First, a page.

Theodore Thomas [see also Thomas Orchestra]
8 July 2019
“There was a rumor, which unfortunately seems to have died away, that Beethoven’s Ninth Symphony would be heard yet this season under this gentleman’s direction. But, quien sabe?”
Program. “[A]n evening not only of real pleasure, but of instruction in a style of music that is not easily appreciated, but richly rewarding its students.”
“The programme is very varied in its interest and character, and should attract every lover of good music to the last of a series of performances which have afforded much intellectual excitement and pleasure to a large, but too small, a circle of music-loving subscribers.”
The concert “should attract those who have sufficient musical knowledge to appreciate the more elaborate works of the great German masters.”
The program is “the best, we think, that has ever been presented at any single concert.”
“The orchestra will consist of 60 performers directed by Mr. Theo. Thomas.”
Due to the busy theater season at this time, this concert had the lowest attendance of all of Thomas’ soirees of the last season. The performance was not necessarily the best of the cycle. The orchestra works of Beethoven, Schumann and Berlioz were performed with excellence. Lizzie Eckhardt’s aria “Wie nahte mir der Schlummer” was very slow and tiring to listen to. In Schubert’s songs, she sang with “awkward” German pronunciation.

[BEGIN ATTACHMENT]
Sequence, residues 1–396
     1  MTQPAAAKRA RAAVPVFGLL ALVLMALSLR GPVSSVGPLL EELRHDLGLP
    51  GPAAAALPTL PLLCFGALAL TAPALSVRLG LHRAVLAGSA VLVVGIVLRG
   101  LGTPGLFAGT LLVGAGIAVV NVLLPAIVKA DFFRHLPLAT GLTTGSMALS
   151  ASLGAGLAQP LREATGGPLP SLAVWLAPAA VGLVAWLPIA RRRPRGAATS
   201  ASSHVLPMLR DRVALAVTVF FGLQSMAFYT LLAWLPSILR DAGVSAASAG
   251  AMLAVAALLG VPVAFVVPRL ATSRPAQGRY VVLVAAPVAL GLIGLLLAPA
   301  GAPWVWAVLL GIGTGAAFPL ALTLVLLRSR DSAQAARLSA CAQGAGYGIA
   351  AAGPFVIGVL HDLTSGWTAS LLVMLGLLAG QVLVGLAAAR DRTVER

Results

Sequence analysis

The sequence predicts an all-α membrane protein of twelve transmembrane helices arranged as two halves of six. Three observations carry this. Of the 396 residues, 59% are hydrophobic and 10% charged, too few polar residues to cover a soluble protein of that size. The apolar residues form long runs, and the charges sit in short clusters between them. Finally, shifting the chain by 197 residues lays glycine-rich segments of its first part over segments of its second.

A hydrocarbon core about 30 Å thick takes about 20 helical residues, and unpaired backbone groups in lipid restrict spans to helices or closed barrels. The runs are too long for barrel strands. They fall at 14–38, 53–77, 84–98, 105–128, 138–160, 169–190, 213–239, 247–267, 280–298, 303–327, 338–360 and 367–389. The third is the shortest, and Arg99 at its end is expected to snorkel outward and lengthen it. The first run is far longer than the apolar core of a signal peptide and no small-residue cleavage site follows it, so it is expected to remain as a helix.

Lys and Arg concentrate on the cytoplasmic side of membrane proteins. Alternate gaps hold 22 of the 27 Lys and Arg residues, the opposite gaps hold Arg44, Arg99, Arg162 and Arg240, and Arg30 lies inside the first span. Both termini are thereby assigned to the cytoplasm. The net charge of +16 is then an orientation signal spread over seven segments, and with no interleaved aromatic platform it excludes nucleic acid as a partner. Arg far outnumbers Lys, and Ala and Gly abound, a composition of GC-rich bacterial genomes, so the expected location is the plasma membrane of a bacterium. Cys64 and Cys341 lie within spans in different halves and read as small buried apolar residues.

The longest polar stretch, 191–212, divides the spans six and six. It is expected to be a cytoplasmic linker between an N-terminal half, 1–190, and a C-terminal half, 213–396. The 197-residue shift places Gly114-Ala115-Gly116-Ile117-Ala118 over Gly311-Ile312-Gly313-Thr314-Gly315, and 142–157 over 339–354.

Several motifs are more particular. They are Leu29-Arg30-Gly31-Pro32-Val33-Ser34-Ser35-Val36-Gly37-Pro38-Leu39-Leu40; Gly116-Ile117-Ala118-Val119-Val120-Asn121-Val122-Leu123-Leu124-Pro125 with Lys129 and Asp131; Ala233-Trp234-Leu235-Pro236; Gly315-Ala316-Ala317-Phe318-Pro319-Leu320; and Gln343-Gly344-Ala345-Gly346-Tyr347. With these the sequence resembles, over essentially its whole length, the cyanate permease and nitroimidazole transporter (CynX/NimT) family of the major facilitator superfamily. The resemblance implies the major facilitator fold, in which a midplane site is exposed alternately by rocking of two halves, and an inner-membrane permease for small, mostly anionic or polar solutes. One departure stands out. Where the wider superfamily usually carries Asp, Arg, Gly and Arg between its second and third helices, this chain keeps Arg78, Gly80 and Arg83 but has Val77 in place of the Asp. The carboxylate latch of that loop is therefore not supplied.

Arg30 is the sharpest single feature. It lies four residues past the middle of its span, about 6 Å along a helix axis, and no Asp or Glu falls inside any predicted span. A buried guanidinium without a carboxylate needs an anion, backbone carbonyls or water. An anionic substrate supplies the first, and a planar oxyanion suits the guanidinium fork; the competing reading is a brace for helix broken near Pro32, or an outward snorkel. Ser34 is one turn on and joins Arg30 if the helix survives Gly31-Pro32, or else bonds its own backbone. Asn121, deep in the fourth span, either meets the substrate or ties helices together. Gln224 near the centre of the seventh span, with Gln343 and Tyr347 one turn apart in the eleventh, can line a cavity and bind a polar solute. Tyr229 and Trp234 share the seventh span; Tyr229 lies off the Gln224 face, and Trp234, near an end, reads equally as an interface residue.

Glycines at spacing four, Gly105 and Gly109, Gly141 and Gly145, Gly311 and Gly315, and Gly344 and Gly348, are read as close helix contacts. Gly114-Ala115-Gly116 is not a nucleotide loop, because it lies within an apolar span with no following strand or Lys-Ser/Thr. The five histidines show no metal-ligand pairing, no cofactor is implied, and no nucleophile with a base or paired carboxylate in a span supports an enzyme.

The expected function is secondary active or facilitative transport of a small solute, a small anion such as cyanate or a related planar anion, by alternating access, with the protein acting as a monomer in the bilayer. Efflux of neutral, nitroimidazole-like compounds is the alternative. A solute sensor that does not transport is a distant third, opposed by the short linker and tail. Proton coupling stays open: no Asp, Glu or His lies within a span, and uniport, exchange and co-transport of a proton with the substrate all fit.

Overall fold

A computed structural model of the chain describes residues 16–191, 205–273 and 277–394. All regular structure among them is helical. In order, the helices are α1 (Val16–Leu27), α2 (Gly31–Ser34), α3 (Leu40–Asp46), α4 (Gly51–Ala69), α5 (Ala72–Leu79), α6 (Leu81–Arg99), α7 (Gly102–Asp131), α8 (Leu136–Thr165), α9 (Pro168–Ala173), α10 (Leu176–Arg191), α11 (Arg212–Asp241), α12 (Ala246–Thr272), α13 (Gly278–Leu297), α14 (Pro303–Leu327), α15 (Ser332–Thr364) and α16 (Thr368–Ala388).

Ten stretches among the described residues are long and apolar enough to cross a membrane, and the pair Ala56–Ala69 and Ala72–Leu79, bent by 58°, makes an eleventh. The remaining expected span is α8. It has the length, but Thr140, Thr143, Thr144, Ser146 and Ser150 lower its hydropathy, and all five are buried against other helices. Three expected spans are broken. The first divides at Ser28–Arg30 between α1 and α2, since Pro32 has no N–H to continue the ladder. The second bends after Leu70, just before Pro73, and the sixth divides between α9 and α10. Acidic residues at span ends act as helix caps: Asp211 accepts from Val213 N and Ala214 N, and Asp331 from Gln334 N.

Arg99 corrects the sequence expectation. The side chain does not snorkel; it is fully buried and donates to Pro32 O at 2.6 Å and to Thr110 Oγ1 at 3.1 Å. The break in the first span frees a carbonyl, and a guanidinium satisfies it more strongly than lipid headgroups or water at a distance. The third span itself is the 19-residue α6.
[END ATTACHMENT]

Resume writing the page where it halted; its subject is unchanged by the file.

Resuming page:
“The last of Mr. Thomas’ concerts for the present season took place last night at Irving Hall, and was well attended. Beethoven has become a necessary spirit to infuse in every concert, and no programme is at present considered complete without him. Mr. Thomas chose one of his most characteristic overtures last night, namely, the Consecration of the House. It is a work that defines analyzation or the programme-like description that may be applied to the music of Berlioz. It displays some of the grandest qualities of the composer, but it is written in part in a strikingly contrasted manner. At one borne along in a rushing torrent of polyphonic harmony; again, like a laughing, bubbling rill in the meadows, with the cheerful scherzo; now plaintive to a heart-touching degree, and breathing the very essence of romance and sentiment, and immediately after capricious, overstrained and boisterous, the great soul of Beethoven reigns as a despot over the hearts of his hearers. Schumann’s work was the most unsatisfactory piece on the programme. In the overture and finale he displays more skill in orchestral massing than he has generally been accredited with, and approaches nearer to his grand model than ever we heard him before. The scherzo was a disastrous failure, as it was rendered at least last night. It seemed but ridiculous pomposity and a sorry compromise between gaiety and misanthropy, and reminded us of a certain rustic clown, alternately laughing and crying. The concert concluded with one of Berlioz’s sensation pieces, Harold in Italy, to describe which a considerable part of the programme was filled with silly nonsense. This work is similar in construction to the Dream of the Artist, played by the Philharmonic Society some time since, and if the titles of both were exchanged before hand very few would be the wiser as to which was the pure simon pure Childe Harold or which was the mad artist. Berlioz is particularly successful in dramatic effects and bringing round a denoument [sic] of crashing unisons with trumpets, trombones, bass tubae [sic], tympani, cymbals, &c. He also introduces some quaint march movements in his descriptive scenes, and some beautiful finales, representing the approach of evening and silence. It would have been well if Mr. Thomas had either rehearsed more thoroughly and procured all the necessary instruments for the wild, frantic movement that closes the career of Harold. Berlioz intended all such pieces for a full orchestra, and not that some of the most necessary instruments should be left out. The violas monody of the hero certainly ‘lost all individuality, and showed the meaningless ideas of a wandering brain’ with a vengeance, but we doubt very much if Hector Berlioz ever conceived such a chaos of unnatural and unmusical passages as closed poor Harold’s career last night. We don’t wonder that it broke the hero’s heart, and relieved us of his monody. Still it is cheering to see what calibre of music the New York public demand at the present day, and how taste has been improved and cultivated to the enjoyment and appreciation of classical music. If Mr. Thomas had only left the vocal part of the programme out of the shortcomings of his orchestra in Harold might have been to some degree excused.”